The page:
Friday, September 15, 2017

On This Date in Minnesota History: September 15

September 15, 1901 – Running 40 miles an hour, today, with a dead engineer at the throttle, freight train No. 69, westbound on the Milwaukee Road, crashed into the third section of eastbound train No. 66 at Eggleston, 12 miles from Red Wing.

Milwaukee Rode Logo1

Engineer Saxe of Minneapolis and Fireman Koethe of La Crosse, both on No. 69, were killed outright.

On train No. 66, Engineer W. A. Percy of Minneapolis had a shoulder dislocated, Brakeman Colby of Minneapolis was thrown a long distance into Vermillion slough and so seriously injured that he may die, and Brakeman H. C. Arne was hurt. He is expected to recover.

At the coroner’s inquest today, Conductor J. D. Trusome of Minneapolis, who was in charge of no. 69, said he received orders at Red Wing to meet No. 66 at Eggleston and No. 70 at East Hastings. He showed the orders to Saxe, who read them aloud and said he understood them.

Eggleston Train Depot2

When nearing Eggleston, the conductor noticed that the train was running faster than it should and he and his head brakeman applied the brakes.
A moment later the crash came. Both engines were demolished and 13 cars ditched. The third car on No. 69 was an empty box car, which jumped clear over the cars ahead of it and the two engines and rolled into the ditch 20 feet below.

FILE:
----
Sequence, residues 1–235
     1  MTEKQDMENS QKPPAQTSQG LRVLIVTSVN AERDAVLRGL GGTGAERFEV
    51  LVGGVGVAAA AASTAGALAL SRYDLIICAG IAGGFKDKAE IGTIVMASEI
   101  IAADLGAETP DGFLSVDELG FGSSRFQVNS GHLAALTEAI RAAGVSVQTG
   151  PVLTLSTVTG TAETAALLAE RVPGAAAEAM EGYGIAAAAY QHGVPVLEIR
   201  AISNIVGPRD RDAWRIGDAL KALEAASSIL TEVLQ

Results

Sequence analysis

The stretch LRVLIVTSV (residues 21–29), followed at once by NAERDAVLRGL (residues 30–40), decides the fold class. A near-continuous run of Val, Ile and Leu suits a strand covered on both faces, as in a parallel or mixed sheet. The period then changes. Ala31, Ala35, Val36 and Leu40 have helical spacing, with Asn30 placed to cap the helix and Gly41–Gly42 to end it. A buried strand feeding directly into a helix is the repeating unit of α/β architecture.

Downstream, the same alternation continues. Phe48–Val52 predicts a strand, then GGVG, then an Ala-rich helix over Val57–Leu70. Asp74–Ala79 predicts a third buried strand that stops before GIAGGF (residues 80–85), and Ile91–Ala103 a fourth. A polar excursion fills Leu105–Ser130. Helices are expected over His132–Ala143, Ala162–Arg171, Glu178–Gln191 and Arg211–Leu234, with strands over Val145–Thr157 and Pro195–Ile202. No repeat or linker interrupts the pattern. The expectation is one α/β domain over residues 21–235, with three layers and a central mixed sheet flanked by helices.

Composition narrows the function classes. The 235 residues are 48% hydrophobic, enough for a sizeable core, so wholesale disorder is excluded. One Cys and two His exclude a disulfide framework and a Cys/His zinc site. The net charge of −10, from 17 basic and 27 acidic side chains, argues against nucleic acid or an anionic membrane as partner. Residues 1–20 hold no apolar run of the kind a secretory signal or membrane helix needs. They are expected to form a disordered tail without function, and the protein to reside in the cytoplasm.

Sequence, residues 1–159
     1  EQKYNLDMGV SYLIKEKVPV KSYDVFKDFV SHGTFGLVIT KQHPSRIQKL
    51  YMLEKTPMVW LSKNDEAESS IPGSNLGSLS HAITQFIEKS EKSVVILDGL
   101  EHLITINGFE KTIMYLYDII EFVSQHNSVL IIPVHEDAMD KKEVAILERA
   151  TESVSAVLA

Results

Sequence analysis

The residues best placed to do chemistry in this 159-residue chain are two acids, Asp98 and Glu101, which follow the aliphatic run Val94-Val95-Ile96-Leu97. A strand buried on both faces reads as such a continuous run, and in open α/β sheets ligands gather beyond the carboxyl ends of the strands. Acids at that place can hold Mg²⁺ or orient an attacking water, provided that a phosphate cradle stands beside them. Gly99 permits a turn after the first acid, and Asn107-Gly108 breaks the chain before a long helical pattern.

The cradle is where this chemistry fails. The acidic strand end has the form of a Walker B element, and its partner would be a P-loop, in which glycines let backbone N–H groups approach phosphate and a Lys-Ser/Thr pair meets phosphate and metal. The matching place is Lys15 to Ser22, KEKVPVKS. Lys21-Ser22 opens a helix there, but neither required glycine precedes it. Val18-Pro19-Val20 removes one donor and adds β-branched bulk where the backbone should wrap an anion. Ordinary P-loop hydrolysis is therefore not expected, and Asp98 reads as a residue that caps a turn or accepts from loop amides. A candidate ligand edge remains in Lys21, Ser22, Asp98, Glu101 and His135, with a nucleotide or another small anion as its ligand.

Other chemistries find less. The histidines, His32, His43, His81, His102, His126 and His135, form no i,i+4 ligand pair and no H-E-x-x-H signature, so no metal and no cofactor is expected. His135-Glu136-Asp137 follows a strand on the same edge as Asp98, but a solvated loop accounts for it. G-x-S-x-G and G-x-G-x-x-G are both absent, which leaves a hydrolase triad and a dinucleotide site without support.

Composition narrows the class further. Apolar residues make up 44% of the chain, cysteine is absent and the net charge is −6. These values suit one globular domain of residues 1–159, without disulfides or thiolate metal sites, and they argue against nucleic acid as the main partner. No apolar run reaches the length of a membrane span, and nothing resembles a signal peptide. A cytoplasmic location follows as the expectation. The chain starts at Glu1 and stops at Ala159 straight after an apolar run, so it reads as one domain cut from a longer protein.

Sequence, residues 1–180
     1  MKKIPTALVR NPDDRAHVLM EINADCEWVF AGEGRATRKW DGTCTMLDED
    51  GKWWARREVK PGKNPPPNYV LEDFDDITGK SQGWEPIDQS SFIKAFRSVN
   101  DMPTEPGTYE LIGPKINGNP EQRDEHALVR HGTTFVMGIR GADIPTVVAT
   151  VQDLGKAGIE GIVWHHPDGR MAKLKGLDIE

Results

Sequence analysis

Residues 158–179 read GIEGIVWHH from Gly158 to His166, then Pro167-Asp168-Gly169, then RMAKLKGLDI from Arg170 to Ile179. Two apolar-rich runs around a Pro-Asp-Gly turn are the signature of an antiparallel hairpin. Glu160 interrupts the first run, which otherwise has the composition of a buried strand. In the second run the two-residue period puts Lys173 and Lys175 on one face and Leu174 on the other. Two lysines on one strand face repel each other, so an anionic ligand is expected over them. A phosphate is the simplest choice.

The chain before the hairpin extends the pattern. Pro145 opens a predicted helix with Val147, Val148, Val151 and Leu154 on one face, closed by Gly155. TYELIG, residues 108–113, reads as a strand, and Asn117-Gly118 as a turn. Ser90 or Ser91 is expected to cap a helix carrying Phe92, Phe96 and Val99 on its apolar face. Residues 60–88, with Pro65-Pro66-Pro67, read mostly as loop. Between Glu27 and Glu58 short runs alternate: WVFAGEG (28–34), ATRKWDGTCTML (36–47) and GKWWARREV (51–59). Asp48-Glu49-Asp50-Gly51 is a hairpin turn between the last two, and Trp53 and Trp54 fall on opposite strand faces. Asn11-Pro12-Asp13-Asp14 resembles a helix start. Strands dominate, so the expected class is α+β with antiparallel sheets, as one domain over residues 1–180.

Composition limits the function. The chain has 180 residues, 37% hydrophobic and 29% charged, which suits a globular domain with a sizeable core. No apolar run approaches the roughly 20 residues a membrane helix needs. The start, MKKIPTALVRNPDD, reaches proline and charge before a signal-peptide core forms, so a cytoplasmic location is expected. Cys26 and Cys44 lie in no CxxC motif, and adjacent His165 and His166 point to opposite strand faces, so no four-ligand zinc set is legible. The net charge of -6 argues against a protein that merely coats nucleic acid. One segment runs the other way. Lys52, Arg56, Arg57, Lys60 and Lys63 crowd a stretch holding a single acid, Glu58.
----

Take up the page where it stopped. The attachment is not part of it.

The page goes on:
Engineer Saxe and his fireman were found under the wreck; the engineer was cut into fragments.

This was fireman Koethe’s first trip over this division. He was 20 years old and had been employed on construction work on another part of the road.

Engineer Percy of train No. 66, eastbound, waited on the main track according to orders. He saw No. 69 come tearing down upon him and, hoping to avert an accident, backed up his train. However, he was too late; the westbound train crashed into him.

How he escaped, he doesn’t know, as he did not regain consciousness until physicians had worked over him for three hours. His right shoulder was dislocated. Brakeman Colby was thrown into Vermillion slough and may be fatally hurt.

The general opinion is that Engineer Saxe died of failure after leaving Red Wing. He did not blow the whistle nor shut off the steam when approaching Eggleston and railroad men are confident that he was dead before the collision. His fireman, having never been over the line, could not be expected to notice the engineer’s failure to whistle or shut off steam when approaching the station.

Traffic was blockaded for hours and several trains were sent over Burlington tracks.

The Minneapolis Journal; “Wreck at Red Wing. Engineer E. W. Saxe Was Dead at the Throttle. Accident of the Milwaukee. Freight No. 69 Crashes Into the Third Section of the Eastbound Train.”; Sept. 16, 1901; p. 2.




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